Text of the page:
By Ohene Anochie/AMN.
Flags across the country will be flying at half-staff this week as South Africa prepares to say goodbye to the late archbishop and anti-apartheid activist Desmond Tutu.
South Africa on Monday began a period of mourning for Archbishop Emeritus Desmond Tutu, a leading figure in the fight against apartheid, who died a day earlier at the age of 90.
Bells rang out for 10 minutes at midday from St. George’s Anglican Cathedral in Cape Town, a tribute that is to be repeated for the next four days.
“We ask all who hear the bells to pause their busy schedules for a moment in tribute to Archbishop Tutu,” said the current archbishop of Cape Town, Thabo Makgoba.
The cathedral was one place where Tutu used to deliver speeches calling on South Africans to work together to end apartheid, the system of racial segregation in place in the country from 1948 up into the early 1990s.
What else is planned to celebrate Tutu’s life?
Makgoba said Tutu’s body would lie in state at the cathedral in Cape Town on Friday before a requiem Mass is held on Saturday.
His ashes will be buried in a mausoleum inside the cathedral.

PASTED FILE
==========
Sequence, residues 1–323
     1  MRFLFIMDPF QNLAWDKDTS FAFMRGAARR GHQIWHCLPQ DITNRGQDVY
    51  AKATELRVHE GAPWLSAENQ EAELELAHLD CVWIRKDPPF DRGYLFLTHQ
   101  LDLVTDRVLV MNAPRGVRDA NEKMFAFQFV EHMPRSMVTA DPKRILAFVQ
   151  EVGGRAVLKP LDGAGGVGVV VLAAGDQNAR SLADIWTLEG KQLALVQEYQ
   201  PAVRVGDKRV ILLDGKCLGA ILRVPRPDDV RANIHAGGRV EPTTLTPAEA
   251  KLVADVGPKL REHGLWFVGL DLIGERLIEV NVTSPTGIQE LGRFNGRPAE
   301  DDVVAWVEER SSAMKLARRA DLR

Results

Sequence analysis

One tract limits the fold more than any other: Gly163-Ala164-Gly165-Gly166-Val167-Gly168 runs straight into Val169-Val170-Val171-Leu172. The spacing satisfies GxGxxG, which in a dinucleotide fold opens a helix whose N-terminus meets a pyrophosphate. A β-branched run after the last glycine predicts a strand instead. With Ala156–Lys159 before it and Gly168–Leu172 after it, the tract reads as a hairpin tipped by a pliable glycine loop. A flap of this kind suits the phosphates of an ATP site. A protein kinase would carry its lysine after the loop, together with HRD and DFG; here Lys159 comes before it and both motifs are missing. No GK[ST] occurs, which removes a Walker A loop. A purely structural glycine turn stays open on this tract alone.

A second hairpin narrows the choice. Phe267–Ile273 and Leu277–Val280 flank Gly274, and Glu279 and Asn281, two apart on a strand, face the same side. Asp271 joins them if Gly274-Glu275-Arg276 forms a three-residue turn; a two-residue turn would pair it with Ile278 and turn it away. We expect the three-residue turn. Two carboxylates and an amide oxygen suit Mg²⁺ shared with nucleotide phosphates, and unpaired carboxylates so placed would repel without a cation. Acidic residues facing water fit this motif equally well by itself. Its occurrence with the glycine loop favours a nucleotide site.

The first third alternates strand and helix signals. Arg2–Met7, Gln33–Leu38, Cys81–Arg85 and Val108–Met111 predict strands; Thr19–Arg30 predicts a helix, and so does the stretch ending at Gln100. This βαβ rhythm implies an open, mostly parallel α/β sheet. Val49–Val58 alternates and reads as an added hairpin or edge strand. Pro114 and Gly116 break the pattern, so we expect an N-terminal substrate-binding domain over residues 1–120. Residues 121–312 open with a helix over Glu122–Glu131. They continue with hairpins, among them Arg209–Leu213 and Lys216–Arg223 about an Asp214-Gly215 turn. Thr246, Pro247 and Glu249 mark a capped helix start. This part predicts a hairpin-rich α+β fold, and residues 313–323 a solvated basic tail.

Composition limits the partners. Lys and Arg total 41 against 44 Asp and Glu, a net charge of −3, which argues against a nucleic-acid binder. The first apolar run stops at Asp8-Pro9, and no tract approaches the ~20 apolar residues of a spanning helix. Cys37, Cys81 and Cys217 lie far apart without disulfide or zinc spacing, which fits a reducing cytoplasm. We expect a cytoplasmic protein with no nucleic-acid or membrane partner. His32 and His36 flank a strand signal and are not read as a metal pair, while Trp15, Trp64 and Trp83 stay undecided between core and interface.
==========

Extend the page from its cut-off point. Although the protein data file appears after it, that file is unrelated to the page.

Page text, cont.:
Makgoba said that 400 people have already indicated they wished to attend the service on New Year’s Day. However, current COVID-19 rules limit gatherings at 200 people.
An ecumenical service is to be held for Tutu on Wednesday in South Africa’s capital, Pretoria.
Mourners having been laying flowers at the cathedral, at Tutu’s Cape Town home and also his previous residence in the Johannesburg township of Soweto.
South African President Cyril Ramaphosa said flags in South Africa and at its diplomatic missions would be flown at half-staff all this week.
Commemorative events are also being planned in the neighboring countries of Namibia, Botswana, Lesotho and Eswatini.
Who was Desmond Tutu?
Tutu was a leading figure in the fight against South Africa’s apartheid regime, which resulted in the oppression of the country’s Black majority.
When apartheid ended in 1994 and the country became a true democracy, he chaired the Truth and Reconciliation Commission, which was set up in a bid to heal the rifts caused by the gross human rights violations that had been committed over the decades.
Tutu also championed LGBTQ rights, one of the most prominent religious leaders in the world to do so.
Toward the end of his life, he also voiced support for assisted dying in certain cases, drawing both criticism and praise for his stance.
He received the Nobel Peace Prize in 1984 “for his role as a unifying leader figure in the nonviolent campaign to resolve the problem of apartheid in South Africa.”
AMN/Media Report/South Africa.